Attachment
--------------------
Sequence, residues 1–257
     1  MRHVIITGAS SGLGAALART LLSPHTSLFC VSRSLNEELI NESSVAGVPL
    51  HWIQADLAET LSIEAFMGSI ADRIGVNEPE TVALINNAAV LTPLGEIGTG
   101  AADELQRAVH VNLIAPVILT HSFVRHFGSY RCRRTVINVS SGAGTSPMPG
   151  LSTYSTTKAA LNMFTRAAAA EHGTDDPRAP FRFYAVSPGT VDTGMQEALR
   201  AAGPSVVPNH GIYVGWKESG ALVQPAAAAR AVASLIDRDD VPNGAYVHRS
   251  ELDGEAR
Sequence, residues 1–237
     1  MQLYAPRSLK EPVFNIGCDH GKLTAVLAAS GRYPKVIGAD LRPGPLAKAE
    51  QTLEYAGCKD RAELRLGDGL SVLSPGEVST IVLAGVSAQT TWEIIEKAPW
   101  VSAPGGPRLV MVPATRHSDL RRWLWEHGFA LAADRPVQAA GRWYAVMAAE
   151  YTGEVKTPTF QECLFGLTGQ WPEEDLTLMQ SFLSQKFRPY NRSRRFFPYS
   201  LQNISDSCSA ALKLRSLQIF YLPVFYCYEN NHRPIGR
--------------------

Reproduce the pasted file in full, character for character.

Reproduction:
Sequence, residues 1–257
     1  MRHVIITGAS SGLGAALART LLSPHTSLFC VSRSLNEELI NESSVAGVPL
    51  HWIQADLAET LSIEAFMGSI ADRIGVNEPE TVALINNAAV LTPLGEIGTG
   101  AADELQRAVH VNLIAPVILT HSFVRHFGSY RCRRTVINVS SGAGTSPMPG
   151  LSTYSTTKAA LNMFTRAAAA EHGTDDPRAP FRFYAVSPGT VDTGMQEALR
   201  AAGPSVVPNH GIYVGWKESG ALVQPAAAAR AVASLIDRDD VPNGAYVHRS
   251  ELDGEAR
Sequence, residues 1–237
     1  MQLYAPRSLK EPVFNIGCDH GKLTAVLAAS GRYPKVIGAD LRPGPLAKAE
    51  QTLEYAGCKD RAELRLGDGL SVLSPGEVST IVLAGVSAQT TWEIIEKAPW
   101  VSAPGGPRLV MVPATRHSDL RRWLWEHGFA LAADRPVQAA GRWYAVMAAE
   151  YTGEVKTPTF QECLFGLTGQ WPEEDLTLMQ SFLSQKFRPY NRSRRFFPYS
   201  LQNISDSCSA ALKLRSLQIF YLPVFYCYEN NHRPIGR